Damage estimates increase in southwest Minnesota as floodwaters rise
WORTHINGTON — Gov. Mark Dayton's executive order declaring a state of emergency because of flooding and torrential rains for 36 Minnesota counties, including six counties in southwest Minnesota, may be a prelude to getting federal disaster aid.
The declaration directs state agencies to begin conducting preliminary damage assessments.
As of Friday, July 6, Nobles County Emergency Management Director Joyce Jacobs said the county has tabulated almost a half million dollars in damage from rain storms since June 20.
If—more likely when—counties record enough damage to meet the state's threshold of $7.7 million, it becomes a federal disaster, setting in motion a reimbursement process through the Federal Emergency Management Agency.
If the threshold isn't met, the state only reimburses 75 percent of the costs incurred by cities, townships, counties and other government entities. FEMA, on the other hand, provides 100 percent reimbursement.
While the FEMA declaration brings with it more paperwork and documentation, Jacobs said the extra work is worth it for agencies to get 100 percent reimbursement.
The window for reportable damage from the storms began June 9, and remains open as flooding is ongoing.
"They won't close the window until they're pretty sure the damage is done being created," Jacobs said.
Damage in southwest Minnesota, the worst-hit area so far, includes washed out township and county roads, crop losses, flooded homes and damaged bridges, culverts, railroad tracks, sewer and lagoon systems, parks and bike paths.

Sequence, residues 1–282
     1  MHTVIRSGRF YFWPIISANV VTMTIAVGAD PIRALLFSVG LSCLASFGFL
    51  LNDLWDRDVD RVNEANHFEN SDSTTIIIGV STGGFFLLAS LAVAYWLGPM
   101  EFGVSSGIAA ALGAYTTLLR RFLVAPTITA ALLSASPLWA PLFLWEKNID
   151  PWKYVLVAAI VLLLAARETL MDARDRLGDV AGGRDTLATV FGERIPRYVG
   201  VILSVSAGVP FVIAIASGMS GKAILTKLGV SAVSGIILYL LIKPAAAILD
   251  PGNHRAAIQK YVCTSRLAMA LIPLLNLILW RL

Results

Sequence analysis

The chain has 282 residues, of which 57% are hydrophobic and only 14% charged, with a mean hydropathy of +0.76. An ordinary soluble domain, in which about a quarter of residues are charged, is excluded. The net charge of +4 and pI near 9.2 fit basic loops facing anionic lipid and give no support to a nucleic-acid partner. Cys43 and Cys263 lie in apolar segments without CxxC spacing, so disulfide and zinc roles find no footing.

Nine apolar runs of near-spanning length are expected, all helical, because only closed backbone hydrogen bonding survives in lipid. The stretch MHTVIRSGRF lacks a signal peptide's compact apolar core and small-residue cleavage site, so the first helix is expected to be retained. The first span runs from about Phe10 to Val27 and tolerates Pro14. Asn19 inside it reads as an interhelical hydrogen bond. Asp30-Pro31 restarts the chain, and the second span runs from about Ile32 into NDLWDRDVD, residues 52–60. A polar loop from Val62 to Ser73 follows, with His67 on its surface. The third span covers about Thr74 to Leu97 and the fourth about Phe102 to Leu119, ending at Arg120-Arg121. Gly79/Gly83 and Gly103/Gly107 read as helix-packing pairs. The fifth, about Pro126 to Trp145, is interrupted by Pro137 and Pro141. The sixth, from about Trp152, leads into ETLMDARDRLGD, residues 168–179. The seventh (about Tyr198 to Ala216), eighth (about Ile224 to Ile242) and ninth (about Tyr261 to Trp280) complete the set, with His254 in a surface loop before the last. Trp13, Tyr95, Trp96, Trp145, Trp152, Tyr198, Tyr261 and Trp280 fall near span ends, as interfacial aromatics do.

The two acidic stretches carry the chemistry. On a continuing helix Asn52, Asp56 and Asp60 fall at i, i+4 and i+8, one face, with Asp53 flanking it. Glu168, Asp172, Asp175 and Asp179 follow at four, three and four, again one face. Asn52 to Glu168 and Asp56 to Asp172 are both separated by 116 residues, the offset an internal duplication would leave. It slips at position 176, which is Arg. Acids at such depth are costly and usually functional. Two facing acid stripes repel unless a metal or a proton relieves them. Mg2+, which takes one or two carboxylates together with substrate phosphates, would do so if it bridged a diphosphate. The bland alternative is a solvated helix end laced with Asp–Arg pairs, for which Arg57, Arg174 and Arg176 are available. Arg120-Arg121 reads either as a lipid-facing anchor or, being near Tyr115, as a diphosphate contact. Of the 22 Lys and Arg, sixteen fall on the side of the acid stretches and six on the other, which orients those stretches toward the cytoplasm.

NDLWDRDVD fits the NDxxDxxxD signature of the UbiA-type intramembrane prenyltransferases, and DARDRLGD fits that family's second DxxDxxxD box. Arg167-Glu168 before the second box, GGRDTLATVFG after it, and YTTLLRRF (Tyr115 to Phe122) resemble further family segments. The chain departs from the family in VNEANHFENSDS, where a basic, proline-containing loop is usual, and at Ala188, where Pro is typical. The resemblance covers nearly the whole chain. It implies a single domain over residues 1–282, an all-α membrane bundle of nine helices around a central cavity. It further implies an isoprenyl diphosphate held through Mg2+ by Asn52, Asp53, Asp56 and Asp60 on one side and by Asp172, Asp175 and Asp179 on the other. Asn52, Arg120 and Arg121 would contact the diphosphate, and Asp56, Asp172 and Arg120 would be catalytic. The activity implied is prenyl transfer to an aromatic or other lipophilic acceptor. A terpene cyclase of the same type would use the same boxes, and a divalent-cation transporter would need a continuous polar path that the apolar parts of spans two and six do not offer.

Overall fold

As an example, Jacobs said 17 of 20 townships in Nobles County reported damage, and all are guessing on the costs at this point as they wait for water to recede to get a true picture of the damages.
Some other estimates of damage so far are about $407,000 in Jackson County, $122,000 in Cottonwood County and $280,000 in Rock County.
And damages could triple, for example, in Cottonwood County, as the Des Moines River, with headwaters at Lake Shetek near Slayton, still hasn't crested.
"The river is rising," Cottonwood County Emergency Management Director Paul Johnson said, noting a nearly one-foot increase between Thursday and Friday. "It's possible we could see another foot in talking to the weather service.
"We're kind of in the middle of this yet here," he added. "I thought it was done, but not with what happened in Murray County."
It's been an ongoing battle, last Sunday, sandbaggers spent seven hours trying to keep floodwaters from reaching two Jackson businesses and the softball fields as the Des Moines River swelled.